The self-reliance toolkit also expresses the firm belief of providence in God. While the theological understanding of self-reliance asks of you to be ‘independent’ in the means in which you direct your life, this does not oppose the theological belief that everything comes from God. In fact, the self-reliance toolkit expresses continuously that God provides, but one must ask, seek and knock.

The divine dignity of the human person is a principle that the LDS Church articulates through the Self-Reliance Toolkit as well, with the intention of underlining the primacy of well-being. The human person holds high self-respect and self-esteem as created in the image and likeness of God, and this self-evident truth is set forth by expressing the need to provide for temporal needs. These needs are education, health, employment and financial stability.

Finally, the theological understanding of God’s will and calling can be a vast one. However, the Self-Reliance toolkit narrows this down on the principle of what God has handed-down to you in gifts and talents. Because there is a heavy emphasis on service, the toolkit explores real questions, such as tasks people perform well and helping explore them. Another approach to this question is also through desire and zeal to partake in something—another way of saying God’s calling you to do something. The end again is to obtain fulfillment and at the same time to put the talents and gifts to service for your fellow neighbor, equipping him or her to also reach their own fulfillment and capacity—the Toolkit expresses that talents are to be put in used for the betterment of a community.

To see how these principles unfold through the use of LDS Church scripture and how they pertain to New Testament scripture as well, we have developed a draft document:

Interfaith Faith Principles Scripture Comparison (DRAFT)

This draft document quotes LDS scriptures found in the Self-Reliance Toolkit and it shows how the New Testament scriptures upholds these theological principles. The curriculum is intended to be inter-faith and will provide theological background for other religious traditions as well.

Outlining how the principle of self-reliance ties into these four theological truths — (1) Love of God and Love of Neighbor; (2) Faith in God and His Providence; (3) The Divine Dignity of the Human Person; and (4) God’s will and Calling: Talents and Gifts — the correlation to Catholic Teaching is evident and complementary – there is no contradiction between the Self-reliance principle and Catholic social teaching. In fact, Catholic Social Teaching and Catholic Doctrine add to the understanding of these truths.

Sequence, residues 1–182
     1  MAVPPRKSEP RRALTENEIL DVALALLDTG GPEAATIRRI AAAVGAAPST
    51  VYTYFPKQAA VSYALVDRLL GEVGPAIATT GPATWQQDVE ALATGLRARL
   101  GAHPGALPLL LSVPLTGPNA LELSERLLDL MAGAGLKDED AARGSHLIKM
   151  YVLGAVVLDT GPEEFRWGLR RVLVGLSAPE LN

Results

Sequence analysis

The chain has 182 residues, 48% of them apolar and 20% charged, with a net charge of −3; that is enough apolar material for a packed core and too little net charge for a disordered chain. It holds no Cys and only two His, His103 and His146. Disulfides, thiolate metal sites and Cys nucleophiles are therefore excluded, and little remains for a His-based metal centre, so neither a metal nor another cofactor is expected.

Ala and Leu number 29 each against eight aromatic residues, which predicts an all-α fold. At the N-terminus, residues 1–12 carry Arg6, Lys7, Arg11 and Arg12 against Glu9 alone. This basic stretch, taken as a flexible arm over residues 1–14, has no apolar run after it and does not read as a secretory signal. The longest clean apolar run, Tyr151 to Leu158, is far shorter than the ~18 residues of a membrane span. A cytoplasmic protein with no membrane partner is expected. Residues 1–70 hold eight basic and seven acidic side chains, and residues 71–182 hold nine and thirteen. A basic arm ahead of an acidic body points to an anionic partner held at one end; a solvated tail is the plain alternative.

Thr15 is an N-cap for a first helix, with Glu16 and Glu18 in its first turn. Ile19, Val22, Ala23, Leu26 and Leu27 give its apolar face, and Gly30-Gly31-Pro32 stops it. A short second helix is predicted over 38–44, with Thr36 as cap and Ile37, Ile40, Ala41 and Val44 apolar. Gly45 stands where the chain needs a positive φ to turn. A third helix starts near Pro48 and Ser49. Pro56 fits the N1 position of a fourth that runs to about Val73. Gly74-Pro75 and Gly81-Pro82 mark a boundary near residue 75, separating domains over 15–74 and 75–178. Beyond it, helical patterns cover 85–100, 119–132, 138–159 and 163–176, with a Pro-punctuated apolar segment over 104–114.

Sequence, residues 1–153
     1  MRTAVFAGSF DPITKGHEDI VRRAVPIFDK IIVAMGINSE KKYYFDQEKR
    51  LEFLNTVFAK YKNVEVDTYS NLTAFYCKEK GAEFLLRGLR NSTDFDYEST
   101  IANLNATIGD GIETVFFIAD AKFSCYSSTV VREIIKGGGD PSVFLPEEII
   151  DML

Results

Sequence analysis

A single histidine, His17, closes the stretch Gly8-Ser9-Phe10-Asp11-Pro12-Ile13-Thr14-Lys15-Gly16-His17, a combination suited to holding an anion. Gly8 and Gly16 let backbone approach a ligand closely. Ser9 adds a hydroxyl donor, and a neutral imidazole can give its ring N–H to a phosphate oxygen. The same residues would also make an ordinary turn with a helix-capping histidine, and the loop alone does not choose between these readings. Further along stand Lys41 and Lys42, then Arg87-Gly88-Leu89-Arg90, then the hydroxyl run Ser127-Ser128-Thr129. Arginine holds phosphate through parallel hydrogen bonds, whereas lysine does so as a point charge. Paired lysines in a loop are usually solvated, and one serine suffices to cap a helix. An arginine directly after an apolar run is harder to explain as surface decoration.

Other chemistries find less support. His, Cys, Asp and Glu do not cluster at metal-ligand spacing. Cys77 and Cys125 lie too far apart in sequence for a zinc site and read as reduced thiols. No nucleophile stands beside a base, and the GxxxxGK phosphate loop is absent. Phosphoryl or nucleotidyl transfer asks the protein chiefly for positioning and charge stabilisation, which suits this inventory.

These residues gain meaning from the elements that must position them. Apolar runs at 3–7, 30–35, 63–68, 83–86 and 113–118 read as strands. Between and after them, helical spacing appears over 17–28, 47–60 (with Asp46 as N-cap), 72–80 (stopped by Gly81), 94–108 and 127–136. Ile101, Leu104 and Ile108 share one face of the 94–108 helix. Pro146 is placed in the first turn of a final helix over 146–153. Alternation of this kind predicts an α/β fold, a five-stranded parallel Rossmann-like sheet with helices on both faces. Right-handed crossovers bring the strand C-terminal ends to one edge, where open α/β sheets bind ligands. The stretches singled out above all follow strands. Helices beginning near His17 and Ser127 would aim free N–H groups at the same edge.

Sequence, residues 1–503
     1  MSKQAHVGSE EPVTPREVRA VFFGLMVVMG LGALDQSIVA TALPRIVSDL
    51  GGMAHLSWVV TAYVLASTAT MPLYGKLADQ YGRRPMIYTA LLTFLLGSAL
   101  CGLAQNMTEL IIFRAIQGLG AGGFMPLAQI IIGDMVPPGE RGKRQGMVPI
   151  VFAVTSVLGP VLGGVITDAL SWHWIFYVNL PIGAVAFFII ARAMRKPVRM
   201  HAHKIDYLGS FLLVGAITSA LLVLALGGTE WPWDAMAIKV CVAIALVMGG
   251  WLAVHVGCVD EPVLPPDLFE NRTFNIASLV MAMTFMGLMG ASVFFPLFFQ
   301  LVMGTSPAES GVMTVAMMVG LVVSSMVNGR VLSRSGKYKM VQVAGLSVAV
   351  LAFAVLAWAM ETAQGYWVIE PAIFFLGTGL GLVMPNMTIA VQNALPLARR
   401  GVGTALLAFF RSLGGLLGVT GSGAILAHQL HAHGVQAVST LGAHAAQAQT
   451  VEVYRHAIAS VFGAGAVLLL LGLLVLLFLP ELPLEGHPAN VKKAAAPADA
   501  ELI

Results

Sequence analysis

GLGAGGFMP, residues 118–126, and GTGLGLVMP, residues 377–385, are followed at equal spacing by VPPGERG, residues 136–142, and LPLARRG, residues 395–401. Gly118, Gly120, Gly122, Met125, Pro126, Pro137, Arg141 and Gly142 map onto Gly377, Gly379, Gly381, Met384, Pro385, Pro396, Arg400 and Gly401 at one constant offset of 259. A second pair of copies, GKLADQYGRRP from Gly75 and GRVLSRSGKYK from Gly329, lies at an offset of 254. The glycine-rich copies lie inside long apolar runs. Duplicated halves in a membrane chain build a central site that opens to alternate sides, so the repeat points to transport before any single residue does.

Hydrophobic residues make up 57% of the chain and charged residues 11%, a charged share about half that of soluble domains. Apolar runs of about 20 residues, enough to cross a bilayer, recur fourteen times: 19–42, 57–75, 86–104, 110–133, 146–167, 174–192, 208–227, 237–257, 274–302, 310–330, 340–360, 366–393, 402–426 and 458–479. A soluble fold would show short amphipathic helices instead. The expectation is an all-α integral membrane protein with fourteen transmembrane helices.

For the intent of summarizing Catholic Teaching, only few documents will be mentioned that aim and address these self-proclaims truths. The Compendium of the Social Doctrine of the Church explicitly outlines all of these principles in full length. Chapter 3 outlines the human rights that each individual possess in virtue of ‘being of image and likeness of God.’ Chapter 6 gives insight on the dignity of work and rights of workers, Chapter 7 talks about the economy well-being highlighting that ‘wealth exists to be shared,’ declaring as well the right to private property and business initiative.

In addition, the LDS Self-Reliance Toolkit is a great asset for inter-faith work. The Empowerment Plus Initiative that seeks to counter radicalisation with this toolkit by the application of it across faiths and tradition, sets forth a great opportunity to build upon Second Vatican Council in The Pontifical Council for Inter-Religious Dialogue: Dialogue and Proclamation, specifically in the forms of dialogue as it is prescribed in this document, the dialogue of life, the dialogue of action, the dialogue of theological exchange and the dialogue of religious experience.

Jason Smyth Confirms Title as World’s Fastest Paralympian in Rio

10 Sep, 2015

IMMEDIATE RELEASE: Goodwill Ambassador for the Global Business & Interfaith Peace Awards, Jason Smyth, has confirmed his title as the world’s fastest Paralympian.

On Brazilian National Day, 7th September 2015, Jason Smyth crossed the finish line to be crowned ‘Fastest Paralympian on the Planet’. In the photo, Jason celebrates the win (see BBC coverage).